6.7 As far as the transportation of detainees from places of detention to court is concerned, the existing division of responsibility is that the National
Police Service (NPS) is responsible for transporting pretrial detainees, while the Kenya Prisons Service (KPS) is responsible for transporting convicted persons. In practice, however, the KPS transports pretrial detainees in some cases, while in other cases the NPS collects pretrial detainees from prison precincts and transports them to court. This arrangement is fraught with considerable challenges. For example, the NPS sometimes delays or fails to transport pretrial detainees, for example, due to lack of suitable vehicles or fuel. As a result, the affected pretrial detainees end up missing their court dates, thereby prolonging the duration of their detention and delaying their trials. This problem also affects child offenders: the officers in charge of children remand homes sometimes fail to take child offenders to court on their scheduled dates, primarily due to the shortage of personnel.

6.8 Idleness among pretrial detainees is a major problem in prisons, since the law prohibits them from working while in prison. Many pretrial detainees see it as a severe form of enforced punishment. In this environment, it is easy for petty offenders to be radicalized. And although the prisons endeavor to stem such radicalization by separating petty offenders from serious offenders, they are not usually successful given the high levels of congestion, and the difficulty of preventing prisoners from interacting in the prison precincts.

6.9 Women have specific health and hygiene needs related to reproductive health, including sanitary and washing facilities, and provision of hygiene items such as sanitary towels, all of which they should be able to access without embarrassment. Further, pregnant women detainees have specific health needs and are entitled to adequate ante- and post-natal care. The failure to meet these needs can amount to degrading treatment.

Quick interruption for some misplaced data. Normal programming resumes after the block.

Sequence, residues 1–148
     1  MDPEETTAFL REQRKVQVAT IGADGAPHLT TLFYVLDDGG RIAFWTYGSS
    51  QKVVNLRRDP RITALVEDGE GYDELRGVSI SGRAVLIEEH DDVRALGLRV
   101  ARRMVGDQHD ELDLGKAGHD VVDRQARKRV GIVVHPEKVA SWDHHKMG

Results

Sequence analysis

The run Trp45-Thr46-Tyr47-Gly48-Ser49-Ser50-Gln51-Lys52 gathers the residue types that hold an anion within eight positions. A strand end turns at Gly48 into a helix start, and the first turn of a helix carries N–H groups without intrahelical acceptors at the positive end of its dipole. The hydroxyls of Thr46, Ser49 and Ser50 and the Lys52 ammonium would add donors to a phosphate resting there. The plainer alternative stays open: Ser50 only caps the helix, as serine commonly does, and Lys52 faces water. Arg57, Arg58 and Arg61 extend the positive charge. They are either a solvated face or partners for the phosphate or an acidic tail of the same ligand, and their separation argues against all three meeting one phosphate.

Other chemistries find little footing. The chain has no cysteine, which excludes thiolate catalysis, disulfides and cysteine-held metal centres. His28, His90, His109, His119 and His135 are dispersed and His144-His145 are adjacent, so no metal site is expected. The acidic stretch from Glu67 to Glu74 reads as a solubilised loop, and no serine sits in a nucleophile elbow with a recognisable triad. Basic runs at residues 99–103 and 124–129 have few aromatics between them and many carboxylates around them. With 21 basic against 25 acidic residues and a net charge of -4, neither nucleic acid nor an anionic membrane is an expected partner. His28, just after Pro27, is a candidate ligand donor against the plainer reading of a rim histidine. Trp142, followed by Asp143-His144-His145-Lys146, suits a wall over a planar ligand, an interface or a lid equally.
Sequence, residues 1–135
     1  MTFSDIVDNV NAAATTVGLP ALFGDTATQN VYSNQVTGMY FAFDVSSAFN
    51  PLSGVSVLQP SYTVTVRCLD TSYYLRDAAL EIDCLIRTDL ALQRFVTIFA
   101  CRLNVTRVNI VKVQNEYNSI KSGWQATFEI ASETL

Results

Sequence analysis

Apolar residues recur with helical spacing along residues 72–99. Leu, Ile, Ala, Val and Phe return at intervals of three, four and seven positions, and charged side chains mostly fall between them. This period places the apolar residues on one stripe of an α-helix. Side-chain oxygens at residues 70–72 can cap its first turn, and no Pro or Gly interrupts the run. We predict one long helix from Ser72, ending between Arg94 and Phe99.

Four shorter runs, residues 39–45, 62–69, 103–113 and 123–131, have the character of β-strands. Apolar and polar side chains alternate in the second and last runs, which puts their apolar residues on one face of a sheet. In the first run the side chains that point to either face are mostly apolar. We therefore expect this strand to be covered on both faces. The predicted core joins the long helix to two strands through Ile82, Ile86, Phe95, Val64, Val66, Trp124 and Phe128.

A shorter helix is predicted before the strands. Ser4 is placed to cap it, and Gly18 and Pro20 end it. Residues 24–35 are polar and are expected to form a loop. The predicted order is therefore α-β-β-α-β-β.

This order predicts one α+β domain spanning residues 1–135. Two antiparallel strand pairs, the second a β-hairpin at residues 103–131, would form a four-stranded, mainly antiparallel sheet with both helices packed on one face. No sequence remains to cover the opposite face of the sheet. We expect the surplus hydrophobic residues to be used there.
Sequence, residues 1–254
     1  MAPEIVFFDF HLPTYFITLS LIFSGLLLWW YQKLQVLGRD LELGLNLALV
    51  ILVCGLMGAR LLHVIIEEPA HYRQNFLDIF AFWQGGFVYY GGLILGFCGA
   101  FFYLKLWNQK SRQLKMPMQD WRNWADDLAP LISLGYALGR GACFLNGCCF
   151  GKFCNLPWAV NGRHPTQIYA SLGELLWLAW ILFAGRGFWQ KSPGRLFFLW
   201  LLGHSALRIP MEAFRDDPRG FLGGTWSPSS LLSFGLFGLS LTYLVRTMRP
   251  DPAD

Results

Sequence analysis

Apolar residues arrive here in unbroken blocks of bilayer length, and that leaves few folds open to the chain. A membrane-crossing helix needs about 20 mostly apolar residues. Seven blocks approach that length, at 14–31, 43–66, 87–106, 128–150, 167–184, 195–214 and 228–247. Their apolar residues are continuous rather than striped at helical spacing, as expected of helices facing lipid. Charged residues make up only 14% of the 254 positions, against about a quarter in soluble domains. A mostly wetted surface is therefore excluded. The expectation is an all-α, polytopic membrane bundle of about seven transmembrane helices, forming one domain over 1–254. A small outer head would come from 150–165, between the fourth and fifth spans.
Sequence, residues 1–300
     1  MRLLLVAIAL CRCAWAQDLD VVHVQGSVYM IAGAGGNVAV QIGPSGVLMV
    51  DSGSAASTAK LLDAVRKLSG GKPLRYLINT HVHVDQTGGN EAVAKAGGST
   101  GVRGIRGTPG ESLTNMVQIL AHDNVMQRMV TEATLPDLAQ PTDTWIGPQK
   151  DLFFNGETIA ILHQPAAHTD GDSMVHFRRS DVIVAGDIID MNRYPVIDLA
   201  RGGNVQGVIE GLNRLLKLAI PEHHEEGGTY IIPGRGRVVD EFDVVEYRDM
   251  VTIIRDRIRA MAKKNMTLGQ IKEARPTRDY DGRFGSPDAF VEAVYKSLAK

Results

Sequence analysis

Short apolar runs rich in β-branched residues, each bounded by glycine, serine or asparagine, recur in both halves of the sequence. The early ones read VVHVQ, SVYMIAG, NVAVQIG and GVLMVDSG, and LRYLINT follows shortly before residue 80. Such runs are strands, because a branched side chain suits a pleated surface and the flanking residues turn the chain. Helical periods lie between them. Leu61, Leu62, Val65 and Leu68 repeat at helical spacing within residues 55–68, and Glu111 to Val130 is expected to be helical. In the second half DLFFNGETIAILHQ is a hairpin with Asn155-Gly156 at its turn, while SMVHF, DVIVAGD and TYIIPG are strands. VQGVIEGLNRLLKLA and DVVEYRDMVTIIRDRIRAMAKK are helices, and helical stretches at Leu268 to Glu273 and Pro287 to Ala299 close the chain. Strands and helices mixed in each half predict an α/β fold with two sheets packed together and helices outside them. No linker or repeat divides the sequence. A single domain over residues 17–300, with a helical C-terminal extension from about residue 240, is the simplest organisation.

6.10 Accused persons with special needs (such as persons with special mental health care needs, persons with disabilities and transgender prisoners) face considerable challenges in places of detention, such as discrimination and undignified treatment. Further, places of detention often do not accommodate the needs of such accused persons.

6.11 There is little understanding of bail and bond amongst the public. Many Kenyans have no knowledge of bail or bond, while a good number of those who claim to understand bail and bond think it is money paid to the police or the court for an accused person to be released from detention. Further, a significant number of Kenyans view the grant of bail or bond to person’s accused of serious crimes as a great injustice. A need therefore arises to enhance public understanding of bail and bond, with a view to increasing the public’s understanding and confidence in the process.

Policy Directions

6.12 In order for the rights of accused persons to be observed, cases should be investigated and prosecuted in a timely manner, and pretrial detainees should be transported to court on time whenever their cases are scheduled for mentions or trials, and accused persons should be treated humanely in places of detention.

6.13 The NPS and the KPS will ensure that every detained accused person is treated humanely and with respect for his or her dignity. In this respect, the NPS and the KPS have a duty to ensure that the detention of an accused
person is lawful, and that pretrial detainees enjoy their human rights, subject only to the restrictions that are unavoidable in a closed environment. These
rights include the right not to be subjected to any form of torture or degrading treatment. In particular, women should not be subjected to physical, sexual or psychological violence while in detention. Further, all prisoners are entitled to medical care according to their needs.

6.14 Judicial officers shall exercise their powers as visiting justices to ensure the conditions of the places of detention meet the internationally recognized
minimum standards.

6.15 Every police station should have a female police officer on duty at all times.

6.16 Women should be kept in separate quarters from men, and girls in separate quarters from boys. Further, mothers with children should be provided with separate accommodation.

6.17 The NPS and the KPS have a duty to ensure that the gender-specific health and other needs of female detainees are met.